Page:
Law Schools

Law school still out of compliance with ABA admissions standard and dealing with fraud allegations

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Texas Southern University's Thurgood Marshall School of Law remains out of compliance with an ABA admissions standard, according to a notice posted Wednesday by the council of the ABA's Section of Legal Education and Admissions to the Bar.

This notice follows an internal school investigation that found an admissions officer at the Houston-based law school admitted students who were not qualified, in exchange for kickbacks.

The council found the law school out of compliance with Standard 501(a), which requires schools adopt, publish and adhere to sound admission policies. Thurgood Marshall School of Law’s ultimate bar passage rate, which is based on 2017 graduates, is 79.69%, according to ABA data.

In a separate finding also posted Wednesday, the council determined the law school has demonstrated compliance with Standard 501(b), which states schools should only admit people who appear capable of finishing law school and being admitted to practice law. The council also found that the law school demonstrated compliance with Interpretations 501-1 and 501-2. 501-1 addresses academic and admission test credentials for incoming students, and 501-2 focuses on academic attrition.

The May council decisions follow a February finding, which determined Texas Southern was out of compliance with Standard 501(b) and Interpretations 501-1 and 501-2.

In March, an internal investigation at the university affirmed allegations about “pay-for-play,” admitting students who did not meet admission standards and mishandling of state funds, according to a Texas Southern news release. Numerous school employees did not follow the university’s fraud policy when informed about the admissions, the release stated.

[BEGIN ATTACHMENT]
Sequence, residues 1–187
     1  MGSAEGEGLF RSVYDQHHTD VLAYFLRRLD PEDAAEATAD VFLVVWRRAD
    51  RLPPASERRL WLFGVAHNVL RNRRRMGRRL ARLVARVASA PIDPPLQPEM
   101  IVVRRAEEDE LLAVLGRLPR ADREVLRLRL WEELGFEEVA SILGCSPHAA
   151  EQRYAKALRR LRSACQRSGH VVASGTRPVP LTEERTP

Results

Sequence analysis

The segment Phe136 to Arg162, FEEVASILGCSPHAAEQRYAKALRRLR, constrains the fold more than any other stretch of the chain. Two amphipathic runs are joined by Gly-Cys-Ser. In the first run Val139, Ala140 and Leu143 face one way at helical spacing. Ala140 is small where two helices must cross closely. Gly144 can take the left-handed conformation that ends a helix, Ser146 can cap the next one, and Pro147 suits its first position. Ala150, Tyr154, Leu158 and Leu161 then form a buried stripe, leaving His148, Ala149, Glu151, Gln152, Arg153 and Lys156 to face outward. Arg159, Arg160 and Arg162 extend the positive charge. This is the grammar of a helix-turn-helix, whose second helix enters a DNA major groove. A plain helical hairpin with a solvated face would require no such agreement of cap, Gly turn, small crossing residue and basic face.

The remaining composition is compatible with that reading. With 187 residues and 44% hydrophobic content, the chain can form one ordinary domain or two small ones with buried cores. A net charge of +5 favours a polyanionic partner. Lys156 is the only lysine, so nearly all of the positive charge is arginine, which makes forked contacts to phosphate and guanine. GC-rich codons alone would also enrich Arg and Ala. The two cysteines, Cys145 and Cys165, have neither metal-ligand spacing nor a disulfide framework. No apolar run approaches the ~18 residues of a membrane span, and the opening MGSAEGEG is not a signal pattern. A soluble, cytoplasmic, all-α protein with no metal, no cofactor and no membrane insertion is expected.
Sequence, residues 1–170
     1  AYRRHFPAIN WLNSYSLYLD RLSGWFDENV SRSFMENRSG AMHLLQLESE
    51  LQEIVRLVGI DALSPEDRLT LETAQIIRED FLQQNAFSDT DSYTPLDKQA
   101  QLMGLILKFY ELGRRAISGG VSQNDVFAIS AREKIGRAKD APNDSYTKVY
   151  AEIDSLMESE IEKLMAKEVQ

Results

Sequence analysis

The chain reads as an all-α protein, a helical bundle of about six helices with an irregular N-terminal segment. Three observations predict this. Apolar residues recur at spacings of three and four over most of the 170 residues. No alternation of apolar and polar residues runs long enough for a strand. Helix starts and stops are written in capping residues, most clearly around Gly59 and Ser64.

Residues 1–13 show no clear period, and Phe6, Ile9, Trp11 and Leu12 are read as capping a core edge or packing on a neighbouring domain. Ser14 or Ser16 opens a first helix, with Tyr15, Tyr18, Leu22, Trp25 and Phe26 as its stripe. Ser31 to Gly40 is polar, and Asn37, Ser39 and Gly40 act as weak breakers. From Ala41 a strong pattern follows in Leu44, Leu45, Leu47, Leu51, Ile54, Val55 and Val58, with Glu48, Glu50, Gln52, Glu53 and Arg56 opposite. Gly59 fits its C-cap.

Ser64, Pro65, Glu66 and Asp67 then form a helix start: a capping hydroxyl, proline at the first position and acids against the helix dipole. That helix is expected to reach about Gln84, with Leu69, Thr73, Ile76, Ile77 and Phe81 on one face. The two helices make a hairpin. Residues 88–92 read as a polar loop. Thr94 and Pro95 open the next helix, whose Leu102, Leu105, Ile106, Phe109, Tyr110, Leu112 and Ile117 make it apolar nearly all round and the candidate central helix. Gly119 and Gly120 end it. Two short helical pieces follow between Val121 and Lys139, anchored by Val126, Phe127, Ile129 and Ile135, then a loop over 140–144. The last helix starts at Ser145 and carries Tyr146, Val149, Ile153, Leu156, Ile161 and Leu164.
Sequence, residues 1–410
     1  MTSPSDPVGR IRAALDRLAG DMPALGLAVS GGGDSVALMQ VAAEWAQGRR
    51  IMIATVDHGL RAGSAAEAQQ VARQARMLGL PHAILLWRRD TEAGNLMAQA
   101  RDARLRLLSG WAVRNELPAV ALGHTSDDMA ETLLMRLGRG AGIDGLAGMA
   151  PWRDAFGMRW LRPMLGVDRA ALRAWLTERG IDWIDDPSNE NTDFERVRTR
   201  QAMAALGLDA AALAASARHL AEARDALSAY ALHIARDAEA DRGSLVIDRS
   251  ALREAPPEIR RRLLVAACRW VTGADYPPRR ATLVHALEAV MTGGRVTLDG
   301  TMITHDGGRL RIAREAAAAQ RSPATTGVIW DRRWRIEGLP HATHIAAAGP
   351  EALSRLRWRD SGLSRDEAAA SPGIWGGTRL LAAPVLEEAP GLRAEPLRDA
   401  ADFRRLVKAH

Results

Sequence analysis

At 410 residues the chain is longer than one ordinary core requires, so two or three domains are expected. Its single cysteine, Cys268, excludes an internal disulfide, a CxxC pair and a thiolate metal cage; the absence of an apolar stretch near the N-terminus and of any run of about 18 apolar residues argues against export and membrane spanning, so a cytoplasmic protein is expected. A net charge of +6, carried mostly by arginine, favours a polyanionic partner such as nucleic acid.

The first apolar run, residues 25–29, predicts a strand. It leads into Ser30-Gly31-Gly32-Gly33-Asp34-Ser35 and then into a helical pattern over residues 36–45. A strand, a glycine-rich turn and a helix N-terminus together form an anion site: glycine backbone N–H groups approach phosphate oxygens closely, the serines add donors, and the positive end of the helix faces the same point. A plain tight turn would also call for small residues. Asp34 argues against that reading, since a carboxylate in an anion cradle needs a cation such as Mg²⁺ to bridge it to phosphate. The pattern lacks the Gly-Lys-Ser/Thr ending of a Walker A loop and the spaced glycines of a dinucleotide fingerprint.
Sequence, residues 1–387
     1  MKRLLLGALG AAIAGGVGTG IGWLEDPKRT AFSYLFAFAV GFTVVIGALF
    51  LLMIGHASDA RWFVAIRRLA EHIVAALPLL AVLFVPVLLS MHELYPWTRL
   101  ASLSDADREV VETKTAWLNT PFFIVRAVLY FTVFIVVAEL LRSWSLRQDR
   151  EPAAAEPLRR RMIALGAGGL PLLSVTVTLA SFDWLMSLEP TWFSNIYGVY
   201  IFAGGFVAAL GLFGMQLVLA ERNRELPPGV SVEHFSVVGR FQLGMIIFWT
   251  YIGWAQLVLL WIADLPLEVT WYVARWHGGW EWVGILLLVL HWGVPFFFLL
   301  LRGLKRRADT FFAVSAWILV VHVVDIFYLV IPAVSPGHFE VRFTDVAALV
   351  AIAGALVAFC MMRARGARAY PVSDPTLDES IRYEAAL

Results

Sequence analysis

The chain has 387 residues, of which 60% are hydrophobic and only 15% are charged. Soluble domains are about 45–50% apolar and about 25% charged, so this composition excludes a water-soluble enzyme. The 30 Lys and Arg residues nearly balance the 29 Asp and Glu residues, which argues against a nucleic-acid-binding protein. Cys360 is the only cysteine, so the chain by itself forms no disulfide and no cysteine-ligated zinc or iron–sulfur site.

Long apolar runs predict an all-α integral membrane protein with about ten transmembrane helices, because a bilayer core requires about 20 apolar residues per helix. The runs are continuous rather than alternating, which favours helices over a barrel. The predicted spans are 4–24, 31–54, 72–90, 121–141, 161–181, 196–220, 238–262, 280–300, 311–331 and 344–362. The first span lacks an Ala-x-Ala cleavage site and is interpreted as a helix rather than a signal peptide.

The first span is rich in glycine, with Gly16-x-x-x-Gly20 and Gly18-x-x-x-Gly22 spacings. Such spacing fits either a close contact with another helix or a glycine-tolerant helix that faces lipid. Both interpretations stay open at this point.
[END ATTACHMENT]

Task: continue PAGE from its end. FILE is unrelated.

According to the Texas Tribune, the investigation found that five unqualified students were admitted to the law school in 2019; one student paid the former assistant dean of admissions $14,000; and at least 17 students received more than $430,000 in scholarships, despite being in the bottom 50% of their class.

The article found that the law school’s dean noticed issues with students who were not formally enrolled, and after looking into the matter discovered that none of them met admissions criteria. The dean then requested an audit of several law school departments, and provided updates to executive university administrators at the historically black university. The article states that the administrators did not provide a course of action.

The Texas Tribune does not name either law school dean or the assistant dean in question. The investigation was dated March 10, and Joan R.M. Bullock has served as Texas Southern’s law school dean since July 2019.

The university originally accused Texas Southern President Austin Lane of failing to act on or inform its board of the fraud allegations, but in February it approved a contract settlement with no claims of wrongdoing by him, the Houston Chronicle reported.

Besides the council’s 2020 findings, the law school received public notice of noncompliance with ABA accreditation standards in 2017. That year, the council found Texas Southern was out of compliance with Standard 501(b), as well as Standards 301(a) and 309(b). Standard 301(a) requires law schools maintain rigorous education programs that prepare students to pass a bar and practice law, while Standard 309(b) addresses academic support. The council’s February 2020 notice said the law school had come into compliance with Standard 301(a) and 309(b).

Bullock told the ABA Journal in an email that she’s pleased the school has been found to be in compliance with Standards 301(a), 309(b), and 501(b), and Interpretations 501-1 and 501-2. She added that they will continue working towards full compliance with the standard.

“We have taken an aggressive corrective course of action, identifying and removing ineffective admissions policies and procedures and have required our admissions personnel to undergo extensive training to ensure admissions is operating within best practice parameters,” she wrote.

Before Bullock joined Texas Southern, she was the dean of San Diego’s Thomas Jefferson School of Law.

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